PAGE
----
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I’m going to be honest. I didn’t even know Sicario existed until like a week before I decided to go see it. I had only seen like one trailer for it and it didn’t reveal much besides that it starred Emily Blunt, Josh Brolin and Benicio del Toro trying to take down Mexican drug Cartel members, and that’s honestly all I needed to know. So imagine my surprise when I go to this movie I barely knew was a thing and not only enjoy the ever loving dick out of it, but that it would end up being my favorite movie of the year.

In the movie, we mainly follow Emily Blunt’s point of view as she joins a task force operation to try and find a Mexican drug Cartel kingpin. Blunt proved a few years ago that she could handle badass action roles by starring in Edge of Tomorrow/Live. Die. Repeat./Tom Cruise Dies A LOT and she once again proves her worth in this one. Unfortunately for her character, she doesn’t have that awesome sword that she wielded in Edge of Tomorrow, but she also doesn’t have to deal with Tom Cruise as a love interest so it is a trade-off.

The person who really steals the show, though, is Benicio del Toro. I don’t really want to go into his role too much, since that would spoil the fun of discovering who he is throughout the movie, but he is a downright scary badass. Which honestly seems to be every role he plays lately.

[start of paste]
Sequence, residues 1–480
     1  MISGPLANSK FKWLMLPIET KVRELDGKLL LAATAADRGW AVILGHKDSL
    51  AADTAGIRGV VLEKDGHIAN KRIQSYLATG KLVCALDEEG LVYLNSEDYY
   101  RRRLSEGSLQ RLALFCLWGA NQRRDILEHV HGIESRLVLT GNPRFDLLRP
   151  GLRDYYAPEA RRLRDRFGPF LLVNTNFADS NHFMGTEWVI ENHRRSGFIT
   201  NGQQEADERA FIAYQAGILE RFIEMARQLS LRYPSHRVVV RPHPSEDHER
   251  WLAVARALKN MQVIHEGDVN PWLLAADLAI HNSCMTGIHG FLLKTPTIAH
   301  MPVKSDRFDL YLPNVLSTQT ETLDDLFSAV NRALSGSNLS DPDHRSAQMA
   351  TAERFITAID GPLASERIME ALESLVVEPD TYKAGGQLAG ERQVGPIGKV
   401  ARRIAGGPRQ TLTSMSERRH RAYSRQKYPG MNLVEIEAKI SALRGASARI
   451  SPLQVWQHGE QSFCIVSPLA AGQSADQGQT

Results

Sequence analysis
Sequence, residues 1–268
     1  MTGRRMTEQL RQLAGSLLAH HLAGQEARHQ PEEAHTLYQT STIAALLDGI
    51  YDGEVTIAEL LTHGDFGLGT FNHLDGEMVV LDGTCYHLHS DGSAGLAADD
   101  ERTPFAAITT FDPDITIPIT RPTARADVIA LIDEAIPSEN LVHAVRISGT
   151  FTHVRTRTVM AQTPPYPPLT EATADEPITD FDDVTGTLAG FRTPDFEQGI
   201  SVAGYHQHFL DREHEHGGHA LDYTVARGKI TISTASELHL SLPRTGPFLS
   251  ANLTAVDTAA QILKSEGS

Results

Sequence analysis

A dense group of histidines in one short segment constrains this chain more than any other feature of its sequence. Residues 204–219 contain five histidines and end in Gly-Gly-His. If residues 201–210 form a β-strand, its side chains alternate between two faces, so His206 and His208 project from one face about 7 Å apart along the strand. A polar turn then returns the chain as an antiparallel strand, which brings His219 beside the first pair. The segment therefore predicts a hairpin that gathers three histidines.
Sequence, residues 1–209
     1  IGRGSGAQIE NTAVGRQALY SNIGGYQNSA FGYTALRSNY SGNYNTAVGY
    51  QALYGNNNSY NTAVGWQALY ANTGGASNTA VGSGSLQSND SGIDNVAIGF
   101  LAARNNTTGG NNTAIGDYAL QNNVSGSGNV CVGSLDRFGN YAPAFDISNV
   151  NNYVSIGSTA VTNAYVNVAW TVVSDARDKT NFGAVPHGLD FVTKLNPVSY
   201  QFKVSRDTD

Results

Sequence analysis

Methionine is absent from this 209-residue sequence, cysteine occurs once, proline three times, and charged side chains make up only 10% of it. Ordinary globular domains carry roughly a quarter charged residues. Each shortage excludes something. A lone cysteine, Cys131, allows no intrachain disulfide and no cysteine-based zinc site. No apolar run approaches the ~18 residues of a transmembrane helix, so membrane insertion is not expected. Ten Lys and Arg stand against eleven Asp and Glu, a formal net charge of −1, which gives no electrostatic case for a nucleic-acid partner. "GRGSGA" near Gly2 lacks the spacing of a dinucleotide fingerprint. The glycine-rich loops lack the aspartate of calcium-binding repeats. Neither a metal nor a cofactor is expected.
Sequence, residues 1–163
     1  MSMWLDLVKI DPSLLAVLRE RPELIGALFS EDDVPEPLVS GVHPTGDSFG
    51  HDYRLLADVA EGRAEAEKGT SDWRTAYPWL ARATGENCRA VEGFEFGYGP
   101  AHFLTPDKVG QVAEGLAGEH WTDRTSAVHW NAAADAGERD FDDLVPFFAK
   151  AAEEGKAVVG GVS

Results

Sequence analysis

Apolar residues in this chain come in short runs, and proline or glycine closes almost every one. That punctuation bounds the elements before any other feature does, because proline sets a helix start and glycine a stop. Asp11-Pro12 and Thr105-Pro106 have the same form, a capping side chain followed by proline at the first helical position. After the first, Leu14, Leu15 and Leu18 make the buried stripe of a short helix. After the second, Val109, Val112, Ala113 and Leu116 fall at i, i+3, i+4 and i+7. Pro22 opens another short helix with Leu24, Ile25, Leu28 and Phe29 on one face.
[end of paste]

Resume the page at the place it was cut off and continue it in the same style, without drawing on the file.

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Well. Except for whatever the hell he is in the Marvel movies.

Sicario is a tightly paced thriller, with lots of scenes that feature quiet, tense build up before exploding at just the right time. One scene in particular features a traffic jam at the U.S.-Mexico border that is one my favorite movie scenes of the year. If you can make a bumper to bumper traffic jam at Customs relentlessly suspenseful, you have done your job as a filmmaker.

There’s not much else to say about Sicario. I couldn’t find any big problems with it which makes for a great movie going experience, but makes it tough to say anything interesting about it. So I will end with this: see Sicario. It’s got the distinction of being the best movie that I, Kyle Hanley, saw in 2015 and, honestly, there’s not much more to strive for than that.

Random observation: According to the first shot of the movie, Sicario is a term in Mexico for hitman, which certainly has a better ring to it than ‘El killer-oh person-oh for hire-oh.’

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Posted by on February 6, 2016 in Uncategorized